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Olivia Pratten’s suit to end second class citizenship for Canadian donor conceived individuals

Much as I am sick to death of seeing headlines refering to adults as perpetual “children,” some of the reporting on Olivia Pratten’s suit has otherwise actually been fairly good.

Pulling but two examples from earlier today:

This Vancouver Sun piece goes into a fair amount of detail, shining a momentary spotlight on the lives of donor conceived (dc) people, what’s at stake in the trial, and many of the issues they face, particularly in trying to reconstruct their family histories:

Filmmaker found his sperm donor ‘bio-dad,’ Vancouver trial told

Pratten contends that those born through “gamete” donation of sperm and eggs should have the same rights to information about their biological parents as adopted children when they reach 19.

She wants to have B.C.’s Adoption Act struck down as unconstitutional.

She wants it replaced with legislation that will preserve the records of gamete donors, which now only have to be kept for six years, so they can be revealed to gamate offspring when they turn 19

By way of a second example, one I’ll spend a bit more time on, see:

Children have ‘fundamental’ right to father’s identity, sperm donor trial hears

As I briefly mentioned in my last post, Olivia Pratten is a pioneer, bringing a suit in an attempt to establish a fundamental right to identity.

The strategic arguments her attorney is utilizing form a multi-pronged attack:

  • from the right to know ancestral history,
  • to the need to access personal medical history (which is an argument I have written about a great deal and utimately reject. I’ve argued such is not necessarily pertinent, as it lies in the realm of the interpersonal rather than anything the state can grant an individual.  I.e. a familial medical history is usually not included in documents that reveal parents or donors identities, that history instead, is usually gathered inter-personally, in the context of consensual conversations with the individuals or other family members themselves.)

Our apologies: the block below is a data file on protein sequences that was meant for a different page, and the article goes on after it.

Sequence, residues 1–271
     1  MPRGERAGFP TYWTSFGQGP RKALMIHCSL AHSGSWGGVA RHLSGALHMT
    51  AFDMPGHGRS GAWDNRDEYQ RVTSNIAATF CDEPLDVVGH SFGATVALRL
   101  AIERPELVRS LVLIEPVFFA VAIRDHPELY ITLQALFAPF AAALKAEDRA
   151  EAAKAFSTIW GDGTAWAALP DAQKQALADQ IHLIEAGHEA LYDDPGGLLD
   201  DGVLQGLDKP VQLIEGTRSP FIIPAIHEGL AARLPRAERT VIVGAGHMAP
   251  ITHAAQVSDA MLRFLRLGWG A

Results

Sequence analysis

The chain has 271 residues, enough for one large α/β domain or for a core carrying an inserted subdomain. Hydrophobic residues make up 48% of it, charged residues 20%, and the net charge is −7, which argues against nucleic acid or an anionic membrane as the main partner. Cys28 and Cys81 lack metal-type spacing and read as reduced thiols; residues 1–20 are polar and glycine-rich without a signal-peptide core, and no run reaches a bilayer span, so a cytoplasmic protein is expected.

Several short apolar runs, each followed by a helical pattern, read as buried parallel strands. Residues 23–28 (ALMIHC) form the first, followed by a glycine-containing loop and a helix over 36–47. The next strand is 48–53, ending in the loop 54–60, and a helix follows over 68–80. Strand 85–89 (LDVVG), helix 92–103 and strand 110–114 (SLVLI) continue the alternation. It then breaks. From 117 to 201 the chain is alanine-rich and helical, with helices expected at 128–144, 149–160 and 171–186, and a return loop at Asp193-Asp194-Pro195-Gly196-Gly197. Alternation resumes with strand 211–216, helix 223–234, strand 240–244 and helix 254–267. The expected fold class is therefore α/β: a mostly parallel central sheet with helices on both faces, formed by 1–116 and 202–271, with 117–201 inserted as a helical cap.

• to the critical importance of equal treatment under law,
  • on through to the core claim of the fundamental identity right of individuals.

Lawyer Joseph Arvay argued before a B.C. Supreme Court judge Monday that Pratten, 28, and thousands of others who are offspring of anonymous sperm or egg donors have a “fundamental” right to know the identity of their biological parents.

Denial of that fundamental identity right of individuals has led to an unequal protection status and default second class citizenship for entire classes of people:

Pratten’s lawsuit against the provincial government — believed to be the first of its kind in Canada — seeks to amend the B.C. Adoption Act to require physicians to keep permanent records of all egg, sperm or embryo donors and to allow offspring to access those records when they turn 19, if they so choose.

If adopted children have the right to know about their birth parents when they turn 19, then offspring of “gamete” donors should have the same right to know about theirs, Arvay said.

Not having that right relegates Pratten to “second-class citizen” status and represents the province’s “wholesale abandonment” of equality rights, said Arvay, who is a veteran constitutional lawyer.

It is important to note that even if her case succeeds, her records appear to have been destroyed years ago.

Even if she wins, it is most likely she will still be left with no history or match of her own. Thus she is now fighting for the right to identity for others.

Central to her legal efforts is the demand that records be kept and not destroyed so other donor conceived individuals will not be left permanently identity-less as she has been.

The B.C. attorney general and the B.C. College of Physicians and Surgeons had previously tried to argue that the case was moot because the records Pratten were seeking had been destroyed.

But B.C. Supreme Court Justice Miriam Gropper ruled Sept. 15 the case could proceed, saying that Pratten’s systemic challenge stands to affect others conceived through gamete donation.

For the moment, though, the court has taken a pause due to the “reprehensible” actions of the B.C. Attorney General’s ministry:

The trial got off to a rocky start Monday when Pratten’s lawyer complained to the judge that he received 90 pages of written arguments from the opposing side 10 minutes before the trial began.

Arvay called the actions of the B.C. attorney general’s ministry “reprehensible.”

The judge stopped the proceedings until Monday afternoon to allow lawyers to review the document.

Sitting far on the sidelines yet watching the case closely, I suppose you could say, I find myself simply stunned.

This is a case of vital importance to the human rights of an entire class of Canadians and yet the B.C. A.G.’s office has left the impression of ‘doing it’s homework on the playground mere minutes before the start of class bell was rung.’

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